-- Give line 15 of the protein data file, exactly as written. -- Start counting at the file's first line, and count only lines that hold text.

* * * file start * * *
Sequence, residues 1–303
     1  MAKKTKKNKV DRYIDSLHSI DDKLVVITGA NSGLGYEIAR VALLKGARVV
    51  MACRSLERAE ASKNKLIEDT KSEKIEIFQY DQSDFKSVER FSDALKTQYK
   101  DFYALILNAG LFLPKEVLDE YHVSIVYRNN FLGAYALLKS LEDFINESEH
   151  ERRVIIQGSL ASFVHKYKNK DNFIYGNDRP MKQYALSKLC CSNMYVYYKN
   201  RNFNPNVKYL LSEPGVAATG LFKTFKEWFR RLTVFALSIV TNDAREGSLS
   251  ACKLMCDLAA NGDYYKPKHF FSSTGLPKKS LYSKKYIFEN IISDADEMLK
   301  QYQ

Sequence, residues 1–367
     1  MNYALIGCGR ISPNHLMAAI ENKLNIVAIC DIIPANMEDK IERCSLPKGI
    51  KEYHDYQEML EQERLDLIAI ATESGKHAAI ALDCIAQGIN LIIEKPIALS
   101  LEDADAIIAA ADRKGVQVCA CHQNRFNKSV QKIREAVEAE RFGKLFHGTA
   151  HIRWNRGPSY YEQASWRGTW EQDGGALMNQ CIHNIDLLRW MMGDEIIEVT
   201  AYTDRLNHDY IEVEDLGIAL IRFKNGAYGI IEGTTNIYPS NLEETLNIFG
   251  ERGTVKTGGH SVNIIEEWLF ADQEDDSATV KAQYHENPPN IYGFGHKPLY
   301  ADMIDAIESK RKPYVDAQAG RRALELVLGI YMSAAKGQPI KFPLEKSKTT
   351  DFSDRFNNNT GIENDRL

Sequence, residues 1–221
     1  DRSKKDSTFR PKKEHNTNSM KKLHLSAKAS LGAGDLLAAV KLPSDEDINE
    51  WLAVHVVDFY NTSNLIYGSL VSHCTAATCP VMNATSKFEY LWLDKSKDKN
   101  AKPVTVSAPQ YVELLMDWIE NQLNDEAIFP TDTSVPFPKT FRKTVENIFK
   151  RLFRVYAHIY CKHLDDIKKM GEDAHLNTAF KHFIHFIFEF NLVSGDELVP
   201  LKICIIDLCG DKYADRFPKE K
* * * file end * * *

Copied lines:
   251  ERGTVKTGGH SVNIIEEWLF ADQEDDSATV KAQYHENPPN IYGFGHKPLY